Costermongers met a need for rapid food distribution from the wholesale markets (e.g., in London; Smithfield for meat, Spitalfields for fruit and vegetables or Billingsgate for fish) by providing retail sales at locations that were convenient for the labouring classes. Costermongers used a variety of devices to transport and display produce: a cart might be stationary at a market stall, a mobile (horse-drawn or wheelbarrow) apparatus or a hand-held basket might be used for light-weight goods such as herbs and flowers.
Costermongers experienced a turbulent history, yet survived numerous attempts to eradicate their class from the streets. Programmes designed to curtail their activities occurred during the reigns of Elizabeth I, Charles I and reached a peak during Victorian times. However, the social cohesion within the coster community, along with sympathetic public support, enabled them to resist efforts to eradicate them. As highly visible, colourful characters who provided service and convenience to the labouring classes, costermongers enjoyed a high level of public sympathy at times when they came under attack from authorities.
They became known for their melodic sales patter, poems and chants, which they used to attract attention. Both the sound and appearance of costermongers contributed to a distinctive street life that characterised London and other large European cities, including Paris. Their loud sing-song cry or chants used to attract attention became part of the fabric of street life in large cities in Britain and Europe. Costermongers exhibited a distinct identity. Individuals signalled membership of the coster community through a dress code, especially the large neckerchief, known as a kingsman, tied round their necks. Their hostility towards the police was legendary. The distinctive identity and culture of costermongers led to considerable appeal as subject-matter for artists, dramatists, comedians, writers and musicians. Parodies of the costermonger and his way of life were frequent features in Victorian music halls. Costermongers were ubiquitous in mid-Victorian England, but their numbers began to decline in the second half of the 20th-century when they began to take up pitches in the regulated markets.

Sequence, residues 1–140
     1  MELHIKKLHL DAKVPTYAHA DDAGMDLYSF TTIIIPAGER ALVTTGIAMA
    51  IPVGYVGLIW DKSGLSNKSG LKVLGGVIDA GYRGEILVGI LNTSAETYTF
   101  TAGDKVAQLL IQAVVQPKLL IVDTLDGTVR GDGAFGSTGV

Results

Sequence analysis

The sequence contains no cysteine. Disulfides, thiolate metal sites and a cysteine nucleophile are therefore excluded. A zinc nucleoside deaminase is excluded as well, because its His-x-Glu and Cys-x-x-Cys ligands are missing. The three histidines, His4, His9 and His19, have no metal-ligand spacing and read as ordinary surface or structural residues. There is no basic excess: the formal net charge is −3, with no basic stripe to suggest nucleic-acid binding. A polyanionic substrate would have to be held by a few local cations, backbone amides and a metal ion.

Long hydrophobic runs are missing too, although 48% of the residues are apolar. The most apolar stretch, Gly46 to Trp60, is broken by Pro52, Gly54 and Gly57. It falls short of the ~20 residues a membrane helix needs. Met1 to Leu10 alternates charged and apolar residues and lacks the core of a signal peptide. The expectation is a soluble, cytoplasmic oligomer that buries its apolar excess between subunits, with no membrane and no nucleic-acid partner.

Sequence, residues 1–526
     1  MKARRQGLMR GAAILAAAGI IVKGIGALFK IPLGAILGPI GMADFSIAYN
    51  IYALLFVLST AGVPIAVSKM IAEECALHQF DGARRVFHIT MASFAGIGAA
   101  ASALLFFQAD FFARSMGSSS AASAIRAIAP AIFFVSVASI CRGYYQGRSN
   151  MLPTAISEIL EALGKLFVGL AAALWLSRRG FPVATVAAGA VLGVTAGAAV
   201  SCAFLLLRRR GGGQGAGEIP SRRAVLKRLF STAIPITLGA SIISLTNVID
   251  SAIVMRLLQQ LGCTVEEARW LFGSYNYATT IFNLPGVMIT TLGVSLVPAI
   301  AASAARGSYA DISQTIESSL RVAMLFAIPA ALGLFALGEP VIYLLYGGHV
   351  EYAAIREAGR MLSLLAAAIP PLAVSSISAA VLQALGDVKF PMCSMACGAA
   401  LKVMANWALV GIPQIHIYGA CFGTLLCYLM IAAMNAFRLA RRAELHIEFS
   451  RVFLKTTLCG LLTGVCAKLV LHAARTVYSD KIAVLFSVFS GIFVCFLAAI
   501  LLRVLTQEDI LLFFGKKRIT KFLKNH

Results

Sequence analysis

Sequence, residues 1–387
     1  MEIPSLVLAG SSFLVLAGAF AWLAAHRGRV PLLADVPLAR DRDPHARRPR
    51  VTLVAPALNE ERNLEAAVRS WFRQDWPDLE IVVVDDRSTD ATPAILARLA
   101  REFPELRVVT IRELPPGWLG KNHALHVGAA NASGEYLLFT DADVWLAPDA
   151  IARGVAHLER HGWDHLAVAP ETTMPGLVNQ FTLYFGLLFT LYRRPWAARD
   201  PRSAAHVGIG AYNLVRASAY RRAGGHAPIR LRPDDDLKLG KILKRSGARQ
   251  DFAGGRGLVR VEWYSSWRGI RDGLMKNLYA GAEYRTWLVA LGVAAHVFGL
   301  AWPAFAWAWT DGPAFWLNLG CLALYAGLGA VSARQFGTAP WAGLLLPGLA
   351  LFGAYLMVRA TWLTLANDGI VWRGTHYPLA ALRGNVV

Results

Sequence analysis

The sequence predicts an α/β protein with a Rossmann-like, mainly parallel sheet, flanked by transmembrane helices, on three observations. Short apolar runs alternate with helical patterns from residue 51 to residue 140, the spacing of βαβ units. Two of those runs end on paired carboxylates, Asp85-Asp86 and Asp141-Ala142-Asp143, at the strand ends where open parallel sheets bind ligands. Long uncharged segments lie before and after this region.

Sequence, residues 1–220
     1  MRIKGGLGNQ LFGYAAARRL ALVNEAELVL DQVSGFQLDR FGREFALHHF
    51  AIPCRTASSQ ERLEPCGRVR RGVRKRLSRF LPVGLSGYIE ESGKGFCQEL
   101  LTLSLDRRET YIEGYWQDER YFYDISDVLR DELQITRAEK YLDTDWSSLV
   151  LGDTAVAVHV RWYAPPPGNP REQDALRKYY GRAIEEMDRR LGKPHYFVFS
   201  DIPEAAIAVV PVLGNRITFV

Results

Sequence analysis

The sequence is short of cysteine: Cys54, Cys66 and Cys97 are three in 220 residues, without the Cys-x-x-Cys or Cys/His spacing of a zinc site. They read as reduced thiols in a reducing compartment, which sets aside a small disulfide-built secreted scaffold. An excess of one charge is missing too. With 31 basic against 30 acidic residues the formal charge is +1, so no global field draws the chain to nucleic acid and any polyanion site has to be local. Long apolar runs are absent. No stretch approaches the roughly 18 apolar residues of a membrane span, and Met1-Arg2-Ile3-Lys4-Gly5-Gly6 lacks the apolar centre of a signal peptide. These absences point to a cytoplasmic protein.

The term, costermonger, first appeared in written English language in the early 16th century. The term, 'coster' is a corruption of costard, a kind of apple and the term 'monger' meaning a trader or broker. The first known user of the term, costermonger was by Alexander Barclay (circa 1484- 1552), poet and clergyman, in the Fyfte Eglog of Alexandre Barclay of the cytezene and vpondyshman published around 1518. "I was acquaynted with many a hucster , with a costardemonger and an hostler." The derivation of the term, costermonger, is mentioned in Samuel Johnson's Dictionary of the English language, published in 1759. Charles Knight's London, published in 1851, also notes that a costermonger was originally an apple-seller. Although the original meaning of "costermonger" applied to itinerant apple-sellers, it gradually came to refer to anyone who sold fresh fruit or vegetables from a basket, hand cart or temporary stall. The term can be used to describe anyone who sells goods outdoors or in the streets and has come to be a synonym for street vendor.
Most contemporary dictionary definitions of costermonger refer to them as retail sellers or street vendors of fresh produce, operating from temporary stalls or baskets or barrows which are either taken on regular routes for door-to-door selling or which are set up in high traffic areas such as informal markets or lining the streets of busy thoroughfares. The Merriam-Webster Dictionary defines a costermonger as "a person who sells fruit and vegetables outside rather than in a store" while the Collins Dictionary defines a costermonger as "a person who sells fruit or vegetables from a cart or street stand.